Thursday, April 19, 2007


Or, The Hobby That's Trying to Take Over

With my help, of course.
So, a month or so ago, I got Mike into geocaching. Now he's hooked, and even has a cache by the school. A new listing for Inner Space came up, so I HAD to go get it. Nick and Brian were heading out to do some errands, so I decided to tag along, since we all were going in the same general direction. We got to talking about various forms of seizure disorder that Brian might have along the way, and before you know, we were there. Searched for a bit, and then Brian says, "Hey, guys..." and holds up a peanut butter jar full of cool stuff... with a sprinkler system vent cap on top. He then lets out a whoop, and we sign the log and trade.
Yes, a sprinkler system vent cap. It was in the ground in a section of PVC pipe. I can't make this stuff up!
Nick says he's going to be an evil cache placer now... and I, for one, believe him!

Wednesday, February 21, 2007

Thursday, February 15, 2007

On Art

Or, A New Header for the Blog

As you may have noticed, we now have a nice title image on this blog. This is thanks to my good friend Erica Henderson, an illustrator-for-hire of magnificent skill, cunning, and guile. Now everyone say, "Thank you, Erica!"

Wednesday, February 14, 2007

On Fuses and Their Uses

Or, Zappy Zappy, Joy Joy

I believe it was having a Fluke meter that did it.
Honestly, nothing is more of a magnet for damage than an expensive piece of equipment, and multimeters are far from a counterexample to this theorem.
Back when I was in my freshman year at NJIT, I was friends with a fellow named Garrett. Somehow we'd kind of glommed together a research group of sorts, and also gotten ourselves a lab to play with.
Now it happened that, at this time, a certain 3kV power supply happened to meet with an atmospheric pressure Helium plasma chamber that we'd devised. Fun was had, and to check our threshold voltage, we used the lab tech's Fluke multimeter.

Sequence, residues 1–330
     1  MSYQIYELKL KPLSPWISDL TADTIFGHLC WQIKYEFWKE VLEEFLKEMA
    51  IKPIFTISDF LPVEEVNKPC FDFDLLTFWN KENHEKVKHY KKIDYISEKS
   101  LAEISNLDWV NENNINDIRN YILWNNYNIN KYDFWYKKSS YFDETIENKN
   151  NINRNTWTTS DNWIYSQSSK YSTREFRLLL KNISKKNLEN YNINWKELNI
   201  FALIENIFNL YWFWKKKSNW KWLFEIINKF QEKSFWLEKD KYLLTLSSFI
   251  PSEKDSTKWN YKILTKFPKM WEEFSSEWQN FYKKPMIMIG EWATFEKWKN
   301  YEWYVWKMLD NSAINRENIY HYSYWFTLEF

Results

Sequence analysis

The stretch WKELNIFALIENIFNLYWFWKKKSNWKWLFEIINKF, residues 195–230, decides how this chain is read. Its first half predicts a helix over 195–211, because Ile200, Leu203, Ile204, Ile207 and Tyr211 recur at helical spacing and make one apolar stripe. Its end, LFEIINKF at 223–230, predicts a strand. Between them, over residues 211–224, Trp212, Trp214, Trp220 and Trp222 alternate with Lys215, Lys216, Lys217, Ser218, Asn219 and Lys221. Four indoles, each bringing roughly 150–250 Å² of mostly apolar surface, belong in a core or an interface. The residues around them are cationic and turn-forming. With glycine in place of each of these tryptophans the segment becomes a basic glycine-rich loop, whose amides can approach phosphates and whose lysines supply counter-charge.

Boy, but that was a mistake.
I was manually turning down the feed volume of Helium, letting the small leak around one of the electrodes do the work of producing a smooth resistance gradient over time, when the periodic sparks from anode to cathode got less and less frequent... and then stopped.
Now, normally this would be a good thing, but we still heard the sparks discharging, and they were getting faster.
Then I look at the multimeter, and the pulsing bright light coming from behind the plastic face plate.
"Garrett!" I say, "Shut it down!"
He shuts down the power supply, and, without thinking to wait for the bleeder resistors to discharge the supply's huge capacitors, I grab the jack going into the multimeter and pull hard.
Or at least, I was going to.
A spark leaps from my left pinky knuckle to the metal chassis of the power supply, a quarter of an inch away. My other hand clutches harder on the banana plug, with its semi-exposed contacts.
The power supply had been at 3kV at 10mA. My approximation is that I got about 1.5kV at about 1-2mA.
Lesson here: the orchestra has it easy; it's the conductor who has it hard.